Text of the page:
Bug 1246868 - Two finger scrolling does not work with first and fourth fingers (cf. Synaptics driver)
Summary: Two finger scrolling does not work with first and fourth fingers (cf. Synapti...
Keywords:
Status: CLOSED ERRATA
Alias: None
Product: Fedora
Classification: Fedora
Component: libinput
Version: 22
Hardware: Unspecified
OS: Unspecified
unspecified
unspecified
Target Milestone: ---
Assignee: Peter Hutterer
QA Contact: Fedora Extras Quality Assurance
URL:
Whiteboard:
Depends On:
Blocks:
TreeView+ depends on / blocked
 
Reported: 2015-07-26 13:52 UTC by Richard Geary
Modified: 2015-08-10 10:05 UTC (History)
2 users (show)

Fixed In Version: libinput-0.20.0-6.fc23
Doc Type: Bug Fix
Doc Text:
Clone Of:
Environment:
Last Closed: 2015-08-03 04:31:17 UTC
Type: Bug


Attachments (Terms of Use)
evemu-describe (3.50 KB, text/plain)
2015-07-27 16:06 UTC, Richard Geary
no flags Details
Failed scrolling with index & fourth fingers (31.71 KB, text/plain)
2015-07-27 16:06 UTC, Richard Geary
no flags Details
successful scrolling with index & middle fingers (34.87 KB, text/plain)
2015-07-27 16:07 UTC, Richard Geary
no flags Details

Description Richard Geary 2015-07-26 13:52:11 UTC
Description of problem:
Two finger scrolling does not work as expected (compared to Synaptics driver) when using first and fourth fingers to scroll

Version-Release number of selected component (if applicable):


How reproducible:


Steps to Reproduce:
1. Enable two-finger scrolling
2. Press first and fourth fingers on touchpad, move them down simultaneously

Actual results:
No vertical scrolling

Expected results:
Vertical scrolling

Additional info:
Experienced on Elan touchpad, Samsung Series 9 laptop
I could not find any configuration setting to control the maximum usable distance between fingers to allow two finger scrolling

Comment 1 Peter Hutterer 2015-07-26 23:15:09 UTC
could be fallout fron the thumb detection, see bug 1246093. If so, does https://admin.fedoraproject.org/updates/libinput-0.20.0-3.fc22 fix it?

Comment 2 Richard Geary 2015-07-27 04:25:14 UTC
No, libinput-0.20.0-3-fc22 did not fix this, no observed change.

Comment 3 Peter Hutterer 2015-07-27 04:26:58 UTC
Then I'll need an evemu-record please, of the touchpad with a short sequence that isn't detected correctly.

http://www.freedesktop.org/wiki/Evemu/

Comment 4 Richard Geary 2015-07-27 16:06:19 UTC
Created attachment 1056675 [details]
evemu-describe

Comment 5 Richard Geary 2015-07-27 16:06:56 UTC
Created attachment 1056676 [details]
Failed scrolling with index & fourth fingers

Comment 6 Richard Geary 2015-07-27 16:07:26 UTC
Created attachment 1056677 [details]
successful scrolling with index & middle fingers

Comment 7 Peter Hutterer 2015-07-27 22:44:14 UTC
ok, found it. the reason it doesn't work is that the distance between the scroll fingers is too big for 2-finger scrolling. We allow for a 30mm distance between the fingers, anything above that we use to identify pinch gestures.

You can verify this easily by running sudo libinput-debug-events and then scroll, you'll see a bunch of pinch gesture events come out of libinput. libinput's gestures were the first to land so GTK and others can rely on it. But right now the gestures are interpreted but not handled by anything, which is why you don't see any reaction on the screen. That'll change over time as the rest of the stack gets into place.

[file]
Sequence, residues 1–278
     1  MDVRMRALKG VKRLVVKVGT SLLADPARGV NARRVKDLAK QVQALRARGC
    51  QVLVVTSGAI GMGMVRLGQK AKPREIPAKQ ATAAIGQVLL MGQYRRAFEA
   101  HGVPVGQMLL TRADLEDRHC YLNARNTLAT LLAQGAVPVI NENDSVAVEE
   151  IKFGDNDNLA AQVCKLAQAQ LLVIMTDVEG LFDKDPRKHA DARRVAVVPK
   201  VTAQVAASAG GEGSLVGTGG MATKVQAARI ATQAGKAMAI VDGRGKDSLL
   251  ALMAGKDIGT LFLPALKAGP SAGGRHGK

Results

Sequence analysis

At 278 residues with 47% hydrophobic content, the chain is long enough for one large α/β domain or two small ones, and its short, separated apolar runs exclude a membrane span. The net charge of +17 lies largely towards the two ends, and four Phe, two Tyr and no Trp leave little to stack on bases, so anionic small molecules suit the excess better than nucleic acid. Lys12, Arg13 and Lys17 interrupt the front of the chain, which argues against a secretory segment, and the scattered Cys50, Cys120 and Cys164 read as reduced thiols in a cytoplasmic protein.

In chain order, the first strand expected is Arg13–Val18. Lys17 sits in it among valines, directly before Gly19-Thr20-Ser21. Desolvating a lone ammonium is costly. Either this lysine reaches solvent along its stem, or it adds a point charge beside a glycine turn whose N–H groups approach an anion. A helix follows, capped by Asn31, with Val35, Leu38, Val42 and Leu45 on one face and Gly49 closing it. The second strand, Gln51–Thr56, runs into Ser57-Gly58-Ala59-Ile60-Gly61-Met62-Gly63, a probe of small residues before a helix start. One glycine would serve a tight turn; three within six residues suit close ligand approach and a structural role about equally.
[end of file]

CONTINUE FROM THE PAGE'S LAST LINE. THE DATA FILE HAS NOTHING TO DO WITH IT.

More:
Meanwhile, I encourage you to scroll with index+middle or middle+ring instead to have a smaller distance between the two.

Comment 8 Richard Geary 2015-07-27 23:04:26 UTC
Thanks for investigating.

However, particularly as libinput is a new default to Fedora 22, as a user I don't think it is reasonable to expect people to change their behaviour when there are technical alternatives.  In this case, I have never used pinch features outside of a tablet, and there is no option to disable or configure it in the gnome menu.

How did you decide on 30mm? Perhaps this is too small?  Have you considered making it configurable?

My workaround is to use the Synaptics driver (1).  I suggest that you could either add an option to disable pinch, or support both pinch & scroll features by disambiguating between the two after the relative finger movement is detected.  I think this is what Apple devices do.

Finally, regarding your expectation for me to change my behaviour, is that official Fedora policy for the developer to decide subjective user behaviour?  If so, can you point me to the relevant committee decision?  Can also you point me to the decision to use libinput as the F22 default over the Synaptics driver, as I would like to investigate how that choice was made?

Thanks


Ref 1: https://ask.fedoraproject.org/en/question/69254/fedora-22-touchpad-cursor-slags-and-jumps/

Comment 9 Peter Hutterer 2015-07-27 23:32:57 UTC
30mm is a default we picked mostly by trial and error. Two-finger scrolling is usually done with the index+middle finger, spreading them out more than 30mm is unusual. it's not going to be configurable but we can talk about making it slightly larger. But having just tried this, it'd struggle to get past 35mm distance without actively spreading the fingers. So I'd be happy to increase this a bit.

In your case it's just under 36mm (and I only checked the first event) but that is caused by you using index+ring finger. So even increasing it to 35mm wouldn't help you, but that would be detrimental to the gesture detection, at least until we improve the gesture detection code.

(In reply to Richard Geary from comment #8)
> My workaround is to use the Synaptics driver (1).  I suggest that you could
> either add an option to disable pinch, or support both pinch & scroll
> features by disambiguating between the two after the relative finger
> movement is detected.  I think this is what Apple devices do.

fwiw, that is _exactly_ why we don't add configuration options for e.g. the distance between the fingers. It prevents us from adding improvements like this in the future.